Hope Tree Nursery is the first financially self-sustaining nursery constructed on a brownfield in the United States. The site was once home the Rau Fastener Company on Sprague Street, southwest of Downtown Providence.Years of producing metal fasteners left the site contaminated with heavy metals and today, Sprague Street is part of an economically distressed community lacking green space. Known as a “legacy city,” the area is characterized by the vestiges of a past, productive era.
A local Binghamton resident’s idea for community improvement. Photo courtesty Blueprint Binghamton
Over the past 60 years, the city of Binghamton, New York gradually lost residents due to a shrinking industrial economy, eventually falling to about half its population from 1950. Unemployment rates above the national average and education and income levels below national averages present Binghamton with many challenges. However, a comprehensive plan for the region, supported by the Department of Housing and Urban Development (HUD), is an opportunity to build upon Binghamton’s valuable community assets and existing infrastructure.
The Mayo Hotel. Via.
Once the jewel of the City of Tulsa, Oklahoma, the Mayo Hotel fell into neglect and disrepair in the late 20th century. With the help of the U.S. Environmental Protection Agency’s Brownfield program, the Mayo Hotel has now reclaimed its title as the “Grand Lady of Tulsa.”
In 1925, John and Cass Mayo completed construction of what would become a destination for many notable guests throughout the hotel’s first life, including President John F. Kennedy, Babe Ruth and Elvis Presley. The 18-story, 600 room hotel exemplified modern luxury during Oklahoma’s oil renaissance; ceiling fans were outfitted in every room and the hotel boasted Tulsa’s first running ice water.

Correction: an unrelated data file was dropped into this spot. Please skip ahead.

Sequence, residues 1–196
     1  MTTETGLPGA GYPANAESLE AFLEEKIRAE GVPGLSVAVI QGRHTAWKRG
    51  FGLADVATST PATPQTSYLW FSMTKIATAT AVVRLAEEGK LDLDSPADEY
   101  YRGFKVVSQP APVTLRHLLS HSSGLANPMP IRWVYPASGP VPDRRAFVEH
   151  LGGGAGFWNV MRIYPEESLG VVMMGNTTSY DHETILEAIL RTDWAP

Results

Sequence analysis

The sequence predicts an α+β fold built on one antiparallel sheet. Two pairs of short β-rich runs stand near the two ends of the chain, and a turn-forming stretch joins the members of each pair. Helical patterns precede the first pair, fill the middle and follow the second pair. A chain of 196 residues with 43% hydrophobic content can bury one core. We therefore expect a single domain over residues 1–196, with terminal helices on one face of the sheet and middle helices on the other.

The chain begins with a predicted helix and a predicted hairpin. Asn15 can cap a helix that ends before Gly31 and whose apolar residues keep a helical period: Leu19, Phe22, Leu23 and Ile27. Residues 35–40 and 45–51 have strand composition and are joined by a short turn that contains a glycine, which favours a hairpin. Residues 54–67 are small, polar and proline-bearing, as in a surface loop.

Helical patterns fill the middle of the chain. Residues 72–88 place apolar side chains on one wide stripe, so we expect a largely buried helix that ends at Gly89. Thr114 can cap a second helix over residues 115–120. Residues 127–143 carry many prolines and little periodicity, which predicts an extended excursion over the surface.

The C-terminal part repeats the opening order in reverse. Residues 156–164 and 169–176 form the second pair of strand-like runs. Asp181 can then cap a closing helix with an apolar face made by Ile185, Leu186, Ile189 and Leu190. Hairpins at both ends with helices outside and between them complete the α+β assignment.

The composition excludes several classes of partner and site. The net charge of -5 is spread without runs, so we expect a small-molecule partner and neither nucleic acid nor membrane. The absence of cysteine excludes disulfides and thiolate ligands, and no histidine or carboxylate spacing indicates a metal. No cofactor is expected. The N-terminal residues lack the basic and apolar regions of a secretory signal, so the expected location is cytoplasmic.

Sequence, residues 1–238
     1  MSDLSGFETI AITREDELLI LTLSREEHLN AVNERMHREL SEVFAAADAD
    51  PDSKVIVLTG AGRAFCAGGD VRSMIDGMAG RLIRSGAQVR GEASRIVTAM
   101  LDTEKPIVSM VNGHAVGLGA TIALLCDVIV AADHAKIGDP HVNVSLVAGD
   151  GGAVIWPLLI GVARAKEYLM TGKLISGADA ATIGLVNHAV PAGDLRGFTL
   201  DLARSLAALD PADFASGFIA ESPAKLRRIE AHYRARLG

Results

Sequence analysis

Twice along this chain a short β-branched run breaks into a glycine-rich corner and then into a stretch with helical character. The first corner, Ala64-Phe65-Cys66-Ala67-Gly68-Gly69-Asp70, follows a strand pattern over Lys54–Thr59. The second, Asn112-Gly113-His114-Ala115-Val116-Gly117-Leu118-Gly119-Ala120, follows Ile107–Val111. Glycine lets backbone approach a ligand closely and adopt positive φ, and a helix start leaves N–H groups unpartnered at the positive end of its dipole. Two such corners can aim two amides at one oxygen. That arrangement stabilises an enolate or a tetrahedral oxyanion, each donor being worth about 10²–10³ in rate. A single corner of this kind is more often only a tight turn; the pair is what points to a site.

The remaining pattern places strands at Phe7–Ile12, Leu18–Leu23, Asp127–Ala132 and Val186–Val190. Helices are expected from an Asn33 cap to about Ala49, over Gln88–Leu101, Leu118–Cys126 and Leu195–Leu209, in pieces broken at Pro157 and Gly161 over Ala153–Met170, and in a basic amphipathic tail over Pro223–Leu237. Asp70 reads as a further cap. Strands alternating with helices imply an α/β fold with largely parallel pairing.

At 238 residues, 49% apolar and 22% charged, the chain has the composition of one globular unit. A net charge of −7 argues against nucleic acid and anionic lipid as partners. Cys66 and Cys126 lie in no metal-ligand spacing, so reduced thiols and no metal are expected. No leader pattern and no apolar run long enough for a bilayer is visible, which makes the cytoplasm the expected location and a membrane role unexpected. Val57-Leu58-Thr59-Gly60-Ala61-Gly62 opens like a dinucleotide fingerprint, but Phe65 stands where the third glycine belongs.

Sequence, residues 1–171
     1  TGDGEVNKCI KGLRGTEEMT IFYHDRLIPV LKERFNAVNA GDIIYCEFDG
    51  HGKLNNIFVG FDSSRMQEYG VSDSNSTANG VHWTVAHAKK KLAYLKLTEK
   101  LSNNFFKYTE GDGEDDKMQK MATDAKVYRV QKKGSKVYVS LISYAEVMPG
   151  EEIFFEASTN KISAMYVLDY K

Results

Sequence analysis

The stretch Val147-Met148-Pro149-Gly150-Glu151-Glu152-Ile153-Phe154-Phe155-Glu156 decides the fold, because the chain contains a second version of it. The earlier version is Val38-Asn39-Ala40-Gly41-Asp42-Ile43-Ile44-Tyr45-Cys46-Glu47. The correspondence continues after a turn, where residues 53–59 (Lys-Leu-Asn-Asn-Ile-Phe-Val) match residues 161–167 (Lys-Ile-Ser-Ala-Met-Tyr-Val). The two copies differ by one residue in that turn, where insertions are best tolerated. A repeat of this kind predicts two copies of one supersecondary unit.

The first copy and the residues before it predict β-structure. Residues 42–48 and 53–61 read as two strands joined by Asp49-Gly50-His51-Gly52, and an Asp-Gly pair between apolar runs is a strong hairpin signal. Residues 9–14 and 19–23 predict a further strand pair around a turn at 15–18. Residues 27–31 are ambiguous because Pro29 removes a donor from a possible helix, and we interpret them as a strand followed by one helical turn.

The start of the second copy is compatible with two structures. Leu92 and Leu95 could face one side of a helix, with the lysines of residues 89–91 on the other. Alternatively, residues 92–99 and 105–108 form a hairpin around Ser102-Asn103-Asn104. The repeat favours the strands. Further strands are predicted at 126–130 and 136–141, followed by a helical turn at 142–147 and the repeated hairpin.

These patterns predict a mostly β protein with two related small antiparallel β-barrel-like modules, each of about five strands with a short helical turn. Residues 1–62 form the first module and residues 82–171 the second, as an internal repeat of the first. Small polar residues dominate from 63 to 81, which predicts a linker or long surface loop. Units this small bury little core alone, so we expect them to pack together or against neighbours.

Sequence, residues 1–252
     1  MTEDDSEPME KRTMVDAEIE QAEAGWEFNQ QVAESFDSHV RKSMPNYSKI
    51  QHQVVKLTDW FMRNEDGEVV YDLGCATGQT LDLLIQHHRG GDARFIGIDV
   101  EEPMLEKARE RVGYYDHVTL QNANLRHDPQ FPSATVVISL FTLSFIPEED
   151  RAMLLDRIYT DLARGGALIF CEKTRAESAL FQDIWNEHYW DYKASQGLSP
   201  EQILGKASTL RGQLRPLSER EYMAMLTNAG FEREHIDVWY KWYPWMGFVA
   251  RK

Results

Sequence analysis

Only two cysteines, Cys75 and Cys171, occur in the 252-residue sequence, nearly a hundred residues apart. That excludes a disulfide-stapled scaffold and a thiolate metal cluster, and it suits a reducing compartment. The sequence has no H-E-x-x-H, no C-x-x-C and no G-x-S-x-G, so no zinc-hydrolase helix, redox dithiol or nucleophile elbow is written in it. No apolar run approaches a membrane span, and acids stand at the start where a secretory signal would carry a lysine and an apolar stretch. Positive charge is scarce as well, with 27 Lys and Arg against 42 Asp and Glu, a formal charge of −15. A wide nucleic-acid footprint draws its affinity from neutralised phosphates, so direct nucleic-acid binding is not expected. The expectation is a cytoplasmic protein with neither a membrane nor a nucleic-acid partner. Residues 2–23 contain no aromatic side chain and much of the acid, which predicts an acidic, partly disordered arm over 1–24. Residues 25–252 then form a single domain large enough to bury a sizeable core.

Rendering of Ft. Lauderdale’s Wave Project. Photo via Broward County.
Broward County, FL passed two items this week to increase the quality and use of the City of Ft. Lauderdale’s infrastructure. The programs will provide more transit options for residents while promoting water management strategies through the city’s infrastructure.
Railyard Park in Santa Fe, a former brownfield site. Image by Sacker Foto via Flickr.
“In New Mexico, we have a great history of turning brownfields around, like the Santa Fe Railyard.”
- Senator Tom Udall, NM
The Santa Fe Railyard in Santa Fe, NM has played an important role in the city’s history. With the help of the EPA’s brownfield program, the Railyard will be part of life in Santa Fe for years to come.
Built in 1880, the railroad connected New Mexico’s rugged desertscapes to the country’s westward expansion. The Railyard, a 50-acre depot located in the southwest corner of today’s downtown, became a hub of activity and a cultural center. But as interstate highway and air travel became popular, the once-proud Railyard began to fall into obsolescence and disrepair. By 1987, the Railyard was a blighted site in need of redevelopment, and contaminated from years of industrial use.
The Linen Building in Boise, ID. Photo by David Hale.
Later this month, the Treefort Music Festival will showcase hundreds of musicians in Boise, ID, and one of the festival’s central venues is a building that not long ago was a contaminated brownfield.
The Linen Building in downtown Boise was a vacant and blighted former laundry facility less than a decade ago, and posed a potential threat to the surrounding area due to environmental contamination. The building was a “brownfield”—a site formerly home to a factory, gas station or other industrial facility left polluted and hazardous, and requiring environmental remediation to be used again.